Nicole Byer first captured the comedy world’s attention as part of the improv group, Doppelganger, which also featured future Saturday Night Live player Sasheer Zamata. Byer co-starred in a late-night sketch show on FOX produced by The Lonely Island called Party Over Here. She’s also appeared on Lady Dynamite, Transparent, 30 Rock and the movie, Mike and Dave Need Wedding Dates. Nicole’s relationship with MTV began with appearances in webseries, then on TV with Girl Code and Ladylike, and now her own starring series based on her life, Loosely Exactly Nicole. She caught up with me before her first-season finale, so let’s get to it!
This episode is sponsored by Seeso, and by the Impractical Jokers.
Norman Lear is a television legend. Writer, producer and creator of all-time classic sitcoms of the 1970s – including All in the Family, Sanford and Son, One Day at a Time, The Jeffersons, Good Times, and Maude. Lear made satire tackling race, class, and gender inequalities and things that matter to people, at a time when nobody else on TV dared to do so. At one point, he had five of the top nine TV shows in America. Lear left TV to found the progressive organization, People For the American Way, and later purchased the actual Declaration of Independence so Americans of all ages could still see it. Now 94, a new documentary about him from American Masters, “Norman Lear: Just Another Version of You” premiered at the 2016 Sundance Film Festival, and it’ll make its broadcast debut Oct. 25, 2016, on PBS.
So let's get to it!
You first saw Joe Rogan on the classic NBC sitcom NewsRadio, then later as host of the competition show Fear Factor. Now not only can you see him commentating on UFC fights, but also hear and see him on his hit podcast, The Joe Rogan Experience. His latest stand-up special, Triggered, is exclusively out now on Netflix.
Rogan recounts the key moments in his career, from making the leap of teaching taekwondo to stand-up comedy in Boston in the late 1980s, to surviving his first failed sitcom experience in Los Angeles, lessons learned from an infamous takedown of Carlos Mencia and sticking up for the underdogs, to building his own electronic independence via message boards and podcasts. So let's get to it!
Miranda Sings has been telling Haters to back off since she first uploaded a hilariously bad cover of Aretha Franklin’s Respect in late 2007. Since then, she has accumulated more than 7 million YouTube subscribers and one billion views of her videos – more than 5.1 million Instagram followers, 3.67 million Twitter followers and 2 million Facebook fans – and just launched an eight-episode series called Haters Back Off! On Netflix. She’s the brainchild alter-ego of singer Colleen Ballinger, who has millions of fans and followers for her real-life pages, too. She developed her funny new Netflix series alongside her brother, Chris, and it co-stars Angela Kinsey and Steve Little as Miranda’s mother and uncle, who are blindly devoted to helping the homeschooled Miranda achieve her dreams of stardom. How did Colleen Ballinger pull this all off? She tells me her true story of talent, hard work and determination, so let’s get to it!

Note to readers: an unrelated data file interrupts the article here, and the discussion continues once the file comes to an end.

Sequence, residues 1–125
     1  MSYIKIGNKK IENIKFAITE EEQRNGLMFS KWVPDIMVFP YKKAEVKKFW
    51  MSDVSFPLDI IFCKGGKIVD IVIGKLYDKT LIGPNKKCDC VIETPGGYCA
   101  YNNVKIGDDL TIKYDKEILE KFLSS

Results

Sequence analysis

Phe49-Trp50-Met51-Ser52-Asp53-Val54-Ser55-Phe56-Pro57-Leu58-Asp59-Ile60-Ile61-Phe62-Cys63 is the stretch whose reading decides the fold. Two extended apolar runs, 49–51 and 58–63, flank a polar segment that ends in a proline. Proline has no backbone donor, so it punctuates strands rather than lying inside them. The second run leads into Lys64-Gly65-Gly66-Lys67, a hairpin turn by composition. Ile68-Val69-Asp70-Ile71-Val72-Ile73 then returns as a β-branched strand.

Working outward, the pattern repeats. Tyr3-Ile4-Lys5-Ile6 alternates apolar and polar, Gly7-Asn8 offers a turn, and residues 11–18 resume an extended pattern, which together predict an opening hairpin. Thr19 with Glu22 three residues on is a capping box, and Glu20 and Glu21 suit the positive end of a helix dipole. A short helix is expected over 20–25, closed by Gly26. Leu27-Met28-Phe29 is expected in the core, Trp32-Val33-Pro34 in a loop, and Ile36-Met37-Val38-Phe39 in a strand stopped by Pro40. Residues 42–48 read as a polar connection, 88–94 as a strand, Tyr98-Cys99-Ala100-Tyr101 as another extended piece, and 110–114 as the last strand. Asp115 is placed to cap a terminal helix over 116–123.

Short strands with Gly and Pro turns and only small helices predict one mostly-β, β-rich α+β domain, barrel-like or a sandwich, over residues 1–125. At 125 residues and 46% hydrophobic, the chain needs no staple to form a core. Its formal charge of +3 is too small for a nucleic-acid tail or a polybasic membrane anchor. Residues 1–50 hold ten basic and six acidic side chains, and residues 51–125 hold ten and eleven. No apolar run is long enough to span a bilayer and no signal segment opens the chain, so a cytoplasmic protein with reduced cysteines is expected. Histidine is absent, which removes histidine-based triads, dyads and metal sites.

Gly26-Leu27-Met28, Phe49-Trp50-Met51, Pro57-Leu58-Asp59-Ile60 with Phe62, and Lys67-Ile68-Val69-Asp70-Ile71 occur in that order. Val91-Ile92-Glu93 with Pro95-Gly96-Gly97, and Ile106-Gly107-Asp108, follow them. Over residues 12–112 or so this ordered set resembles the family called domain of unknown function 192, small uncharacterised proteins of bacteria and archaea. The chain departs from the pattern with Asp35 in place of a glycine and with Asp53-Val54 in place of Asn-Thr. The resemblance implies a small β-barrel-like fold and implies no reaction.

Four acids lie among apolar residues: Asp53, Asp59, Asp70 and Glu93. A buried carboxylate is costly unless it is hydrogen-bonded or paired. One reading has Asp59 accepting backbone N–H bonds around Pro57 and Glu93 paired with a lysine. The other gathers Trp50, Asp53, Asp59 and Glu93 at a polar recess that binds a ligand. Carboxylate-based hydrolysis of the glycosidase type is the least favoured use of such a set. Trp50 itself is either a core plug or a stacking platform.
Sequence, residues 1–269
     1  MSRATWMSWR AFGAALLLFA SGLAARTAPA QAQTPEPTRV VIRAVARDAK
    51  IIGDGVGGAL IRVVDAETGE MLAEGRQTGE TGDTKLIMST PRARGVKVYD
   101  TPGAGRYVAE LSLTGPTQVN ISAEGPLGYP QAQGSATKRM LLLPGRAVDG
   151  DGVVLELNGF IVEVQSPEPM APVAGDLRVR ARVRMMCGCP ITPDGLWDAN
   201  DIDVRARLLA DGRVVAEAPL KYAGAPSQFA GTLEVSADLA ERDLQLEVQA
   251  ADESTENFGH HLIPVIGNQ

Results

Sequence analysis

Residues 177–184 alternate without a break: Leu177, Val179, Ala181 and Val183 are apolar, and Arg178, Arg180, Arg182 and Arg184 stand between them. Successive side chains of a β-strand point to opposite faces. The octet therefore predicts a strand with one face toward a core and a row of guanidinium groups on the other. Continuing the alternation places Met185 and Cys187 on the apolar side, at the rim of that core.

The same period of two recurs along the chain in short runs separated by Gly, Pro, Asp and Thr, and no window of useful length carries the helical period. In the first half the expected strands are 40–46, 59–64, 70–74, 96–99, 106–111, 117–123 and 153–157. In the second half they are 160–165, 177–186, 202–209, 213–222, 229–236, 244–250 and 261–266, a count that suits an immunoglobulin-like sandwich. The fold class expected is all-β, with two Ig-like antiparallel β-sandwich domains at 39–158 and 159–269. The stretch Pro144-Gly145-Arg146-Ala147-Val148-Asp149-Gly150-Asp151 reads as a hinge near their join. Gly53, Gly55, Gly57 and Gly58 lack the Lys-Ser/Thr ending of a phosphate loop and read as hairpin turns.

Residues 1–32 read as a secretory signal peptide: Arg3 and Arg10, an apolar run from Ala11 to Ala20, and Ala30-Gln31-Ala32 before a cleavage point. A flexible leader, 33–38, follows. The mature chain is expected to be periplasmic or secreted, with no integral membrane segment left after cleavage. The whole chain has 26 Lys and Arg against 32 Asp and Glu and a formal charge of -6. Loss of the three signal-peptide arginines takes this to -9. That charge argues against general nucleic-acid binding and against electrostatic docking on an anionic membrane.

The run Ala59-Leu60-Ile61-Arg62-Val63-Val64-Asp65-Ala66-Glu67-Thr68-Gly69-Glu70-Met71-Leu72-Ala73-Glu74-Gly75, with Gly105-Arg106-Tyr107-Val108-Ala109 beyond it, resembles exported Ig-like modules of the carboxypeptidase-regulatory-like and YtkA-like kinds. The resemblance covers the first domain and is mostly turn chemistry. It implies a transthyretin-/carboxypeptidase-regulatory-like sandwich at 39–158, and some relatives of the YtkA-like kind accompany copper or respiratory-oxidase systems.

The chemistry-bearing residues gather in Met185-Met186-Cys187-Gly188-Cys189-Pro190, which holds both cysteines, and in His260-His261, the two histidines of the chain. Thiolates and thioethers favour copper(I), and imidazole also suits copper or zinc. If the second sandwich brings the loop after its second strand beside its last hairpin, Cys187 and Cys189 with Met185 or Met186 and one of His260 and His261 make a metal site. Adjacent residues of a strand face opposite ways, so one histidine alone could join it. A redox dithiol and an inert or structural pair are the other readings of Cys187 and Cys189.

Derek Waters is the co-creator and star of Drunk History, which has won both an Emmy and a Sundance Film Festival award and is now in its fourth season on Comedy Central after appearing on Funny or Die and HBO. A fifth season is forthcoming. But Drunk History wasn’t even the first successful webseries from Waters; he previously collaborated with Bob Odenkirk and The Big Bang Theory’s Simon Helberg on “Derek and Simon,” which actually was an HBO pilot before it became a webseries. And before that, Waters co-starred on a network TV sitcom for ABC (“Married to the Kellys”). If that history sounds confusing sober, just wait until you try to retell it drunk. Or just ask Derek Waters yourself. Like I did. So let’s get to it!
Cue the bugle sounds and put your puns where we can see them, because Andy Zaltzman is my guest today. Zaltzmanis a critically-acclaimed comedian in the UK where he has been performing at the Edinburgh Festival Fringe since 1999 and collaborating with John Oliver since 2001 — they created the hugely popular podcast, The Bugle, in 2007, only stopping earlier in 2016 when it became acutely apparent that Oliver’s Emmy-winning work on HBO’s Last Week Tonight had made him too busy to continue working with Zaltzman. Zaltzman is relaunching The Bugle on Oct. 21, 2016, with a rotating lineup of all-star guest cohosts featuring comedians from around the globe. He also has brought his interactive political comedy show, Satirist For Hire, to the United States for the first time — he’ll be taking requests in advance from audience members via email and performing unique satire for audiences across North America in the month leading up to the 2016 elections. Zaltzman sat down with me after his New York City tour stop to talk satire, crickets, puns and more. So let’s get to it!